Cyberattacks are becoming more and more prominent and the funds transfer arena is one of the preferred targets of such threats. Given the agility and evolution of these cyber threats, combating fraud on the long term is a challenge and a key prevention factor for the entire financial industry.
CSP Context and Principles
As SWIFT partner since 2003, Allevo sustains and promotes SWIFT’s initiative to launch the Customer Security Programme (CSP), which aims to improve information sharing throughout the financial community, enhance SWIFT-related tools and provide audit frameworks, while recommending best practices and guidelines for fraud detection. Being at the heart of the banking-financial industry, SWIFT is committed to playing an important role in reinforcing and safeguarding the security of the wider ecosystem.
The SWIFT Customer Security Controls Framework describes a set of mandatory and advisory security controls for SWIFT customers and addresses all entities that have an active BIC8. All controls are articulated around three main objectives:
- ‘Secure your Environment’ – SWIFT customers are individually responsible to protect and secure their local environments in general, as well as the back-office systems that come in contact with SWIFT applications in particular
- ‘Know and Limit Access’ – prevent and detect fraud in your commercial relationships – your counterparts
- ‘Detect and Respond’ – defend against future cyber threats.
Mandatory security controls establish a security baseline for the entire community, and must be implemented by all users on their local SWIFT infrastructure. SWIFT has chosen to prioritize these mandatory controls to set a realistic goal for near-term, tangible security gain and risk reduction.
Self-attestations must be submitted by the end of 2017, starting July, and in this endeavor, SWIFT will work in close partnership with the banking community, to ensure everything goes as smoothly as possible for all parties involved.
CSP actions include the introduction of 16 mandatory security controls, new services meant to help prevent and detect fraudulent activity, as well as community-wide information sharing initiatives that prepare for, and defend against, future attacks.
The 11 advisory controls are based on good practice that SWIFT recommends users to implement. Note that some of them may in time become mandatory as well, due to the evolving threat landscape. Since nothing beats being prepared ahead of time, you should also consider these advisory aspects once all the mandatory requirements are met.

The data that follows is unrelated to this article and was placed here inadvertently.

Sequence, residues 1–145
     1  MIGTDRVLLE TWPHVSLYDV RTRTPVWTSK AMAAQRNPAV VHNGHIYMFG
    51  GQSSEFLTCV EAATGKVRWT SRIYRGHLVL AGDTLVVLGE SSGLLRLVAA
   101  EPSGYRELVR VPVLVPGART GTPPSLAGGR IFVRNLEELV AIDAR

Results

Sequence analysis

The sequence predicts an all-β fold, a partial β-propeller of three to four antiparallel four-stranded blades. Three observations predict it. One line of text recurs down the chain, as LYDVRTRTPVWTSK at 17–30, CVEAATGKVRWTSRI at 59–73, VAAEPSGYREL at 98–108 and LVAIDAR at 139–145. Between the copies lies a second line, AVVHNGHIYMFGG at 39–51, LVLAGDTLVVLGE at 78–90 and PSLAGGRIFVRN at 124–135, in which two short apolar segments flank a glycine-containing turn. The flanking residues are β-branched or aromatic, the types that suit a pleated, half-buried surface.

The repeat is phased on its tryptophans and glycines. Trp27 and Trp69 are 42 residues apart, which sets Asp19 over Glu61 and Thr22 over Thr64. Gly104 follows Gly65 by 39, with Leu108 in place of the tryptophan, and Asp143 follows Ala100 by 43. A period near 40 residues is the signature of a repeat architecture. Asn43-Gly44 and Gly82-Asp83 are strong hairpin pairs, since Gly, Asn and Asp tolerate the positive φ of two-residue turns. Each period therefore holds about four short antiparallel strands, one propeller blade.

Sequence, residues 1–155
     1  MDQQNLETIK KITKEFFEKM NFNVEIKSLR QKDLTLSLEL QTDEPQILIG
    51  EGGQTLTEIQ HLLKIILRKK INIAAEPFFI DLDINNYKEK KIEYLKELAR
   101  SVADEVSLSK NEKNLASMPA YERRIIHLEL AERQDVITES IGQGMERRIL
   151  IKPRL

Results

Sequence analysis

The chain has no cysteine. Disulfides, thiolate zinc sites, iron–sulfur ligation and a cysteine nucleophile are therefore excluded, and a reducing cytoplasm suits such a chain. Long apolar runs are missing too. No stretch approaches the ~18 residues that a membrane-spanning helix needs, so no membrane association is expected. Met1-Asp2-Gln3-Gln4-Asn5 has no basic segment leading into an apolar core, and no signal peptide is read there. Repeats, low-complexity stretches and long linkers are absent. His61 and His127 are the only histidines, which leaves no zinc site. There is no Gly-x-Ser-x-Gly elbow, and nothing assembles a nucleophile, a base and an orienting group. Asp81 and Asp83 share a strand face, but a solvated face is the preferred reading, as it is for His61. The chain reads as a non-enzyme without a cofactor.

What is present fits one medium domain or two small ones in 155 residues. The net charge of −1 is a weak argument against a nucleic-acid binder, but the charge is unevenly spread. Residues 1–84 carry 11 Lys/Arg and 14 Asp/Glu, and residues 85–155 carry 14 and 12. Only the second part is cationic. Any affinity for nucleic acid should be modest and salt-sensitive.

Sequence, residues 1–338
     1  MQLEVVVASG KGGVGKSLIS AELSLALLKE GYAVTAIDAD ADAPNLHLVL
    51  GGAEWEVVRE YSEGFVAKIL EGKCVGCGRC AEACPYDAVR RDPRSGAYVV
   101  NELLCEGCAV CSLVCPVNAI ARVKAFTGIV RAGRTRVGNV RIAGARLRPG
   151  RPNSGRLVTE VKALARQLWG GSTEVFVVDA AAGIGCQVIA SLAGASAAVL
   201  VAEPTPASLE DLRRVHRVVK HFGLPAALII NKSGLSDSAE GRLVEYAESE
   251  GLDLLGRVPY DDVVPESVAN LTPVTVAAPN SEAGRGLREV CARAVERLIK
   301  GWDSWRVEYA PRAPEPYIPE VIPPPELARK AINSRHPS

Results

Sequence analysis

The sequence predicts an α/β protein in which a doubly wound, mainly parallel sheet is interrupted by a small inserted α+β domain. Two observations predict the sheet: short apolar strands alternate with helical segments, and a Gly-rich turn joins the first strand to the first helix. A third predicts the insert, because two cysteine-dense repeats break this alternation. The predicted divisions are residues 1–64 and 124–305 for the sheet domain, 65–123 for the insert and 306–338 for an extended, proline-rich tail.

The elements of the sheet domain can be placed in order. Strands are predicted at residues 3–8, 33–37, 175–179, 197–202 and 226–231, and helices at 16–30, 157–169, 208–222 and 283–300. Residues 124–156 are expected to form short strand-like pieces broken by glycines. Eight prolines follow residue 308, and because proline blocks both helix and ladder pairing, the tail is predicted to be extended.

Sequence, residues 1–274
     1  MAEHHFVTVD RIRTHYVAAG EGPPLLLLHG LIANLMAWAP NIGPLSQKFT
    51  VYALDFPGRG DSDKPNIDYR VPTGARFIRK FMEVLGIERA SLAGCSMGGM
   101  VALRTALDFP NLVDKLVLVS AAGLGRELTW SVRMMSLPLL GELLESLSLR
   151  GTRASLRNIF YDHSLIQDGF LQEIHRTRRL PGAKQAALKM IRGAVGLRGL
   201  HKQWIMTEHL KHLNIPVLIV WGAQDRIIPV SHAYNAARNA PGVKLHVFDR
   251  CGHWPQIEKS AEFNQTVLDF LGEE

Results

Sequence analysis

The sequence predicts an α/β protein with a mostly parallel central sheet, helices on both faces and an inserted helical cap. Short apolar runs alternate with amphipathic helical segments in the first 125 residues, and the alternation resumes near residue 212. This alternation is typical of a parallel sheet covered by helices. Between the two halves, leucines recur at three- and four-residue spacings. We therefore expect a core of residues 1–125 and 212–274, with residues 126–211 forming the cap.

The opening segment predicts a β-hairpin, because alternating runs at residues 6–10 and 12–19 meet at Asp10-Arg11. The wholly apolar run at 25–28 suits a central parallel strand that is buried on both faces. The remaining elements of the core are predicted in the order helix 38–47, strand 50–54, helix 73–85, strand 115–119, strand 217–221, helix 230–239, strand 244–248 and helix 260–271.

CSP and SWIFT’s 2020 Strategy
CSP is a multi-year programme, whose measures should become part of everyday practice, and although clear delivery milestones have been defined, there is no definitive end to this programme, as levels of security should constantly heighten in order to stay ahead of emerging cyber threats.
As far as SWIFT2020 is concerned, you may already be aware that it focuses on operational excellence in SWIFT’s core financial messaging services in order to deliver on the highest expectations of customers, in terms of security, reliability and availability of service, while also addressing new cyber and geopolitical challenges.
Considering the role SWIFT plays as an industry-wide cooperative, CSP not only fits like a glove for this long-term strategy focused on security, but is quite a natural extension of it.
The Bigger Picture
Besides these security controls, SWIFT has also introduced enhanced security features to their products, designed to assist users in addressing security concerns, such as stronger password management, enhanced integrity checking and built-in two-factor authentication.
SWIFT is not only concerned with banks per se, but the entire ecosystem revolving around them, and banks should also care about breaches of security outside their walls, on their counterparties’ side.
Part of what SWIFT can and will do on this matter is to keep banks up to date with relevant cyber intelligence, and to continue to expand their information sharing platforms. SWIFT is engaging with vendors and third parties to help secure the broader environment, but banks should also act in a timely manner on SWIFT information and security updates, of course.
After all, this whole hassle is for the greater good of keeping everyone’s finances safe…
*Article based on information found on SWIFT’s website.